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Aging Cell. 2002 Oct;1(1):1-9.

Interpreting interactions between treatments that slow aging.

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1
Department of Biology, University College London, Gower Street, London WC1E 6BT, UK. david.gems@ucl.ac.uk

Abstract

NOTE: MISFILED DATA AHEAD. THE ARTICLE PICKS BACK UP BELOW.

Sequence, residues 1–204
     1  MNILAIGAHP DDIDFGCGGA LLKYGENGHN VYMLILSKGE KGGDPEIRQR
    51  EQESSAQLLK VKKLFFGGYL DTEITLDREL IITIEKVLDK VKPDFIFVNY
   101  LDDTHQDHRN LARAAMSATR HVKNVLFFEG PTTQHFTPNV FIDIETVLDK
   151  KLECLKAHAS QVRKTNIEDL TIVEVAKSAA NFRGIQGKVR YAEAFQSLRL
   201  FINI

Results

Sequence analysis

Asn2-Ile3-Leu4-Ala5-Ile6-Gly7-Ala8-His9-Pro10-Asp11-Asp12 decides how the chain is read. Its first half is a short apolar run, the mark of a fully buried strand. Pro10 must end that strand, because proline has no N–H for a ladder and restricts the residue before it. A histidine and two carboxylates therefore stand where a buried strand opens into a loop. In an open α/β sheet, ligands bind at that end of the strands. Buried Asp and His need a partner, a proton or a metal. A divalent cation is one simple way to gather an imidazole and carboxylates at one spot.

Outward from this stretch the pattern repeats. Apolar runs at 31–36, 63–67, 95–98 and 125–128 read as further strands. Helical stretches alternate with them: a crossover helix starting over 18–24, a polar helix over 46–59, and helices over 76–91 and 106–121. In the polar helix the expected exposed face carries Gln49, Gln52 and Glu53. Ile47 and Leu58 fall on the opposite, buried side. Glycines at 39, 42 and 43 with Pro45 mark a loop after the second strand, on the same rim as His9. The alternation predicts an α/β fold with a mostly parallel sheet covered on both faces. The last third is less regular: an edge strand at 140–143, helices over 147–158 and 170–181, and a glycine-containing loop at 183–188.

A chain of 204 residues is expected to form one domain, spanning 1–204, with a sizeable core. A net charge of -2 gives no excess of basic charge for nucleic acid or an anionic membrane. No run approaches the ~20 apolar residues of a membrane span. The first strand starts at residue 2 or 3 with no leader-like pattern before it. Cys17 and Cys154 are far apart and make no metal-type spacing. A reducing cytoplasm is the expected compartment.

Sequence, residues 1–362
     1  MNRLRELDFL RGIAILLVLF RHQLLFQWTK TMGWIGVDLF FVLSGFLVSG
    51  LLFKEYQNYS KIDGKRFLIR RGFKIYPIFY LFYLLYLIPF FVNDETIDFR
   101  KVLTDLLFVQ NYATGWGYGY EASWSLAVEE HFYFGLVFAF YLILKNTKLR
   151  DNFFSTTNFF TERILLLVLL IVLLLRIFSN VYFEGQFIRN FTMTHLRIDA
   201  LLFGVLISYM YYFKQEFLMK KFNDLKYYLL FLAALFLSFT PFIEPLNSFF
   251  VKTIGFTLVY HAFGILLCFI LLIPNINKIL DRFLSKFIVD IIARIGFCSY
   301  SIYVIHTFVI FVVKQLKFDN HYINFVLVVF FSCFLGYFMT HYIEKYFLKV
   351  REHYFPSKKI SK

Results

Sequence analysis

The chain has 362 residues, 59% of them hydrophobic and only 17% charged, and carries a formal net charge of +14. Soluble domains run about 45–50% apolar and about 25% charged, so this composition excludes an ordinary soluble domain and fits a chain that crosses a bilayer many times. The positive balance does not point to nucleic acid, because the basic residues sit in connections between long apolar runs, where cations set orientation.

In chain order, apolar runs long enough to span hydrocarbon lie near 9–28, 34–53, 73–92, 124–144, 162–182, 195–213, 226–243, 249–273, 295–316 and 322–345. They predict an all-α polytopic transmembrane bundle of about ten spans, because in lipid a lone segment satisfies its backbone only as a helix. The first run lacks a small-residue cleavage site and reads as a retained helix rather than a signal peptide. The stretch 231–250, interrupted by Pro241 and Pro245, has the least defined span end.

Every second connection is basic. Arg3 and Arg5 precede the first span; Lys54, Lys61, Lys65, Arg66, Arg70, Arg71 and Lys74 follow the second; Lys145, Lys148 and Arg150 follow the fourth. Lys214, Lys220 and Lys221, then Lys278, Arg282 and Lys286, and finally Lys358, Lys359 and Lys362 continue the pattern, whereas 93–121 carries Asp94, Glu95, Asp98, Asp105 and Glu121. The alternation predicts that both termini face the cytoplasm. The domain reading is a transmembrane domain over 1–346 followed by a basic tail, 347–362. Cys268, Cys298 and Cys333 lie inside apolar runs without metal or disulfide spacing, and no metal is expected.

A major challenge in current research into aging using model organisms is to establish whether different treatments resulting in slowed aging involve common or distinct mechanisms. Such treatments include gene mutation, dietary restriction (DR), and manipulation of reproduction, gonadal signals and temperature. The principal method used to determine whether these treatments act through common mechanisms is to compare the magnitude of the effect on aging of each treatment separately with that when two are applied simultaneously. In this discussion we identify five types of methodological shortcomings that have marred such studies. These are (1) submaximal lifespan-extension by individual treatments, e.g. as a result of the use of hypomorphic rather than null alleles; (2) effects of a single treatment on survival through more than one mechanism, e.g. pleiotropic effects of lifespan mutants; (3) the difficulty of interpreting the magnitude of increases in lifespan in double treatments, and failure to measure and model age-specific mortality rates; (4) the non-specific effects of life extension suppressors; and (5) the possible occurrence of artefactual mutant interactions. When considered in the light of these problems, the conclusions of a number of recent lifespan interaction studies appear questionable. We suggest six rules for avoiding the pitfalls that can beset interaction studies.

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